The ecological life history of tall bluebell, Mertensia arizonica Green var. leonardi (Rydb.) Johnston (M. leonardi Rydb.), was investigated during 1963 and 1964. Summer field studies were conducted on the Mud Creek Sleep Allotment of the Uinta National Forest, Wasatch County, Utah. Laboratory and herbarium studies were carried out at Brigham Young University. Specific objectives were to investigate seed germination, seedling development, root system, phenology, palatability, and describe the physical site factors where bluebell occurred. A study of this species was necessary because much of the herbage produced in certain areas of aspen range is not utilized. This condition occurs when mature stems become infected with powdery mildew during mid-July, collapse onto the ground, and dry up. This plant also becomes the dominant forb under certain grazing conditions, and appears to crowd out other desireable forage species. This tall bluebell species occurs throughout the length of central to northern Utah and into southwestern Wyoming and southeastern Idaho, constituting up to 37.1 percent of the understory ground cover. The seed have impermeable seed coats with scarification resulting in a germination percentage of 0.0 to 26.0. Emergence percentages of 21.0 to 53.0 were obtained from field plantings. The period of greatest seedling mortality coincided with the development of permanent wilting conditions at the 6 and 12 inch soil depths during both summers of field study. Studies of transplanted seedlings show that 1 to 2 years of developmental growth are required prior to developing the first single flowering shoot. Mature root systems consist of a semi-fleshy "caudex" from which several main roots extend to a depth of 3 to 4 feet and terminate in fine roots extending beyond to a depth of about 7 feet. Numerous fine roots are concentrated in the upper 1 to 3 feet of soil. Variations in soil texture, structure, pH, total soluble salts, and percent organic matter were not found to alter the basic pattern of root development and distribution. Once plants are established, active growth of stems commences at time of snow melt, and continues 6 to 7 weeks when an average height of 19.5 to 31.0 inches has been reached. Stems elongate as much as 1.4 inches per day with a peak occurring midway in the growing period. Flowering begins about 4 weeks after snow melt and lasts 2 to 4 weeks. Mature seed are shed 18 to 28 days after flowers open. Temperature appears to constitute a significant factor of initial growth and flowering rates. Lodging of bluebell stems occurs with wilting or fast falling rain. The first severe wilting occurs between July 21 and August 13. This coincides with the occurrence of permanent wilting conditions at the 6 and 12 inch soil depths. Wilting is followed by maturation and drying of stems. The latter event is often associated with mildew infection caused by Erysiphe cichoracearum. The occurrence and rate of increasing infection appears favored by high temperature and low humidity. Sheep utilize bluebell up to 44 percent by mid-July. Cattle utilize bluebell up to 46 percent, while deer were not found to utilize bluebell at all. The pocket gopher, Thomomys talpoides was also observed to utilize bluebell stems and inflict injury to main roots.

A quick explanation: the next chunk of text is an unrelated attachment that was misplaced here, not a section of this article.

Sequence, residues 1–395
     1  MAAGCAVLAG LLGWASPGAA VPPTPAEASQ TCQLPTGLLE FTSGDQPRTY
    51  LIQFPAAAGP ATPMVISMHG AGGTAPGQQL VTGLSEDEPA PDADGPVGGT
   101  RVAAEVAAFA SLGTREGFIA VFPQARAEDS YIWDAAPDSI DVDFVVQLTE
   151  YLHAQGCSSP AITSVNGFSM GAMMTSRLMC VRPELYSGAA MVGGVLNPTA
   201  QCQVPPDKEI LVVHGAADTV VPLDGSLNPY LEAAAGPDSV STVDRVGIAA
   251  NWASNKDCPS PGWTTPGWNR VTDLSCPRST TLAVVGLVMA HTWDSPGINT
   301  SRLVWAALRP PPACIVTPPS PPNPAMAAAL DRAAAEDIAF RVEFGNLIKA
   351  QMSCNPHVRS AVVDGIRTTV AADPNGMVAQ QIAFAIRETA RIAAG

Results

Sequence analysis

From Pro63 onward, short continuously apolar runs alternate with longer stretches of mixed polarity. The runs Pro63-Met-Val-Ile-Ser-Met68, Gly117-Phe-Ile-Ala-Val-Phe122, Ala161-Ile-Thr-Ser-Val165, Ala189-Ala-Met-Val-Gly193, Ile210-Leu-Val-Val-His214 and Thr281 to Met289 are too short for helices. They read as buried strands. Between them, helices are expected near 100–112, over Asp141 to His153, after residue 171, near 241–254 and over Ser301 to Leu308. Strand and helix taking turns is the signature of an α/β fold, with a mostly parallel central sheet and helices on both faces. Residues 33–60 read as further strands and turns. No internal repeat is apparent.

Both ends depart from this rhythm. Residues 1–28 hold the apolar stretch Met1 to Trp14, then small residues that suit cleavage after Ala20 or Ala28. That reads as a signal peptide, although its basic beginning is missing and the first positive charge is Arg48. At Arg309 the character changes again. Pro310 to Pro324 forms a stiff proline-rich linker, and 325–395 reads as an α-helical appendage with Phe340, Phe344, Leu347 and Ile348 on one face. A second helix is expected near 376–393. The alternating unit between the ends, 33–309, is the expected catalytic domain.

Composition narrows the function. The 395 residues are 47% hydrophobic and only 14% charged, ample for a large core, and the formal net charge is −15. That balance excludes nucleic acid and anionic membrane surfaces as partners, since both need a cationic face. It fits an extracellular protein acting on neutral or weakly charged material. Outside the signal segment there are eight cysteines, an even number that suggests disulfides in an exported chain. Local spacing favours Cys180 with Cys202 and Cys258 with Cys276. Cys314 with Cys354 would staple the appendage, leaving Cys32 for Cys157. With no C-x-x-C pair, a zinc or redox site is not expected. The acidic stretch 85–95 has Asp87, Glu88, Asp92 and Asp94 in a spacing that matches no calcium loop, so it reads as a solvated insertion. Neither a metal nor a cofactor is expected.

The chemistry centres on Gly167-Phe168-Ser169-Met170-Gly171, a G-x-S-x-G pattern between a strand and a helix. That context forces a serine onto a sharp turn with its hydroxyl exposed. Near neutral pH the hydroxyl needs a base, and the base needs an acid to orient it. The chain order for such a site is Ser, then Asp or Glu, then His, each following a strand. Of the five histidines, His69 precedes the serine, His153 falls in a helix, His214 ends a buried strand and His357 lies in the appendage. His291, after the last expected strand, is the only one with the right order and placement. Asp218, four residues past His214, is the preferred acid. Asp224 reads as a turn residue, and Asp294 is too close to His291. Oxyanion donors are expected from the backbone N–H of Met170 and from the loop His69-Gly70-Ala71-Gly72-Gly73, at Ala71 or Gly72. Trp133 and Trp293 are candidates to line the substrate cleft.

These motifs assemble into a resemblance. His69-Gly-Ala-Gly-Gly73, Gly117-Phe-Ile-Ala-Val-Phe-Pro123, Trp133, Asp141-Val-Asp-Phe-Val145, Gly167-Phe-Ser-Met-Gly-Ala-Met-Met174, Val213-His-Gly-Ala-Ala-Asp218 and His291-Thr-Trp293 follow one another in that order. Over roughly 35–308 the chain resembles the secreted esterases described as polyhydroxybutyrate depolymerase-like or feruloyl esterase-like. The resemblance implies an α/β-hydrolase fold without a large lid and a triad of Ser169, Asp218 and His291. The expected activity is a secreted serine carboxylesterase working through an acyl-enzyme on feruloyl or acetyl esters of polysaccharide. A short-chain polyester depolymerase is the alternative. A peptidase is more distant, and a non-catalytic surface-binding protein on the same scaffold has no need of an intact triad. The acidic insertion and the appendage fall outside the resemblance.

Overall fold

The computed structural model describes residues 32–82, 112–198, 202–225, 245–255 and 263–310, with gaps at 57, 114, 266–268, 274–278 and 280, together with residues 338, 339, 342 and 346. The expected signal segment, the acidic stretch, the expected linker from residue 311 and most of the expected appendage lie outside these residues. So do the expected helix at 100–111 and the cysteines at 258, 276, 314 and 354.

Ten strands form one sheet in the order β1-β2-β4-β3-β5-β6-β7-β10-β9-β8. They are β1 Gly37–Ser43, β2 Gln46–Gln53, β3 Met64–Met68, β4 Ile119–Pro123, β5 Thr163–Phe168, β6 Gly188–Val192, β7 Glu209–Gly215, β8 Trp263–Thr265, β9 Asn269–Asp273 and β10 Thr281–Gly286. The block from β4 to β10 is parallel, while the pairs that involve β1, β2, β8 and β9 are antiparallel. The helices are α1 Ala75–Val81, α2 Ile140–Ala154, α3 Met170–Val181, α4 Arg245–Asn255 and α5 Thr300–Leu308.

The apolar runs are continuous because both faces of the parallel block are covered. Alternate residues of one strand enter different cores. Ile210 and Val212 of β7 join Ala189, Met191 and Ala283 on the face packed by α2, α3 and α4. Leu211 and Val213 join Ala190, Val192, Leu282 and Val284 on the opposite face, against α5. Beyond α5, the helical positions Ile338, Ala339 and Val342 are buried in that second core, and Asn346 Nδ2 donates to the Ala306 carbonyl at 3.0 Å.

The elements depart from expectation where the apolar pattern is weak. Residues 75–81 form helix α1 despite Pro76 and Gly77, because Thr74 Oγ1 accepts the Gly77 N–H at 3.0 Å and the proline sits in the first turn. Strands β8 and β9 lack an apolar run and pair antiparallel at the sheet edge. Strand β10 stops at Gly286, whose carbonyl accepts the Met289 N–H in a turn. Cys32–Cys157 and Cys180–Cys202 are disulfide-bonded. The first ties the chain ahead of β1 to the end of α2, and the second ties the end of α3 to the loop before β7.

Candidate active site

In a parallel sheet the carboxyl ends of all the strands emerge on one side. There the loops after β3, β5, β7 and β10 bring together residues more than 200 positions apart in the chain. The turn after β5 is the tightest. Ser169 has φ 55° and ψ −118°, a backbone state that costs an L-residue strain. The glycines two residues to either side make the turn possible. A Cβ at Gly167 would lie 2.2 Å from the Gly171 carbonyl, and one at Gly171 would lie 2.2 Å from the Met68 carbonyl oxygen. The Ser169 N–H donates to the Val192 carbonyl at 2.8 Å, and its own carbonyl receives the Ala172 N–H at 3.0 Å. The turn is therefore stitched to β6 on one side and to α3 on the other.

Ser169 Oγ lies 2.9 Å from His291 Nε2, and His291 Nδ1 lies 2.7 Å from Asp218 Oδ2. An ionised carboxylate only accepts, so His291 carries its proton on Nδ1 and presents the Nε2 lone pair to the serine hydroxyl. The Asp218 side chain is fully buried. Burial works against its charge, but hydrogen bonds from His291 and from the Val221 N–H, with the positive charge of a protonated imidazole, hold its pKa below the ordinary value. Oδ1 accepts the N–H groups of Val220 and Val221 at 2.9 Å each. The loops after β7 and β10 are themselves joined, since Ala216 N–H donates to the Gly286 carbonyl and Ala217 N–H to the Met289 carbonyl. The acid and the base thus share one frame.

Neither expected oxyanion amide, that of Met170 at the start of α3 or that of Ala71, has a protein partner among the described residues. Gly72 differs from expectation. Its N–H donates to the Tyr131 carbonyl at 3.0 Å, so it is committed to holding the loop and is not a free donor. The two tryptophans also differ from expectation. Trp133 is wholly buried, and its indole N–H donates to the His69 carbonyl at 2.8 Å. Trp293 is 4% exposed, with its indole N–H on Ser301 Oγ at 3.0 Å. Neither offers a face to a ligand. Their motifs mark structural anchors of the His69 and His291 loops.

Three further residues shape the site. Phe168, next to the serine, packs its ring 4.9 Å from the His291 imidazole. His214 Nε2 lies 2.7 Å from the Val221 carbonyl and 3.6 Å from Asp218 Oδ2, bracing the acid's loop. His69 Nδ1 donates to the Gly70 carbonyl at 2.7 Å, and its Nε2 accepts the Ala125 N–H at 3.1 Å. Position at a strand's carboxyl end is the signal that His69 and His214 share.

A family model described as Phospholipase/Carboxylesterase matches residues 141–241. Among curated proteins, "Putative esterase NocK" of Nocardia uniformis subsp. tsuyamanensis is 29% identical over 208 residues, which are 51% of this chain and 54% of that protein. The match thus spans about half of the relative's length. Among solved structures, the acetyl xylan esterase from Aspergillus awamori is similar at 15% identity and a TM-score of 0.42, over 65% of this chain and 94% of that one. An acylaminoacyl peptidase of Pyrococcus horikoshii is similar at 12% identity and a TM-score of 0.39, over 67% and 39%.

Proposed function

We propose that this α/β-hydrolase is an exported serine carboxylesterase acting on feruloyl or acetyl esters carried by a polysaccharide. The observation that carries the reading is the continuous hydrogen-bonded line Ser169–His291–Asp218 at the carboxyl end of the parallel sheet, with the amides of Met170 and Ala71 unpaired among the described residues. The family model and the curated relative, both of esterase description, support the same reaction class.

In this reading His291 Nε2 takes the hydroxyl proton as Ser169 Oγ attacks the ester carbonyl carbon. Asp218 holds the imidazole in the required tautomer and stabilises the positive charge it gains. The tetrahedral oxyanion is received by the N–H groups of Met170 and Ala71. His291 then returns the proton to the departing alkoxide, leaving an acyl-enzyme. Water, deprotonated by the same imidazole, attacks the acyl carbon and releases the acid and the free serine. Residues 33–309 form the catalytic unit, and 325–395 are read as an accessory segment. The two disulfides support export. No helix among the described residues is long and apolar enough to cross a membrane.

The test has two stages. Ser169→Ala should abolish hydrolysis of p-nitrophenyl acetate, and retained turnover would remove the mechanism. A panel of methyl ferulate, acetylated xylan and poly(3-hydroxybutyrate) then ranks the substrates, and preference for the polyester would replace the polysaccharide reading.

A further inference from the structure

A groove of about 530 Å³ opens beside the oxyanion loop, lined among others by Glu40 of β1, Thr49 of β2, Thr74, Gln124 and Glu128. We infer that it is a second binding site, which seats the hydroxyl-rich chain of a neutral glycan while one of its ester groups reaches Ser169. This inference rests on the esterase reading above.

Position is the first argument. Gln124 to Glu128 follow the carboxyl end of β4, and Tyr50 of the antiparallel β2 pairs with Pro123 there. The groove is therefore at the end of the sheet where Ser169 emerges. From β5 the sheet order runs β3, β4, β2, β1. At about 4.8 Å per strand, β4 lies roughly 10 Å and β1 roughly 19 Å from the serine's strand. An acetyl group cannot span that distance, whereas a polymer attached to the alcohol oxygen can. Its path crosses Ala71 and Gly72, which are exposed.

College and Department
Plant and Wildlife Sciences
BYU ScholarsArchive Citation
Matthews, Verl B., "An ecological life history of tall bluebell in Utah" (1971). Theses and Dissertations. 8087.
Bluebells, Utah; Botany, Utah; Natural resources, Utah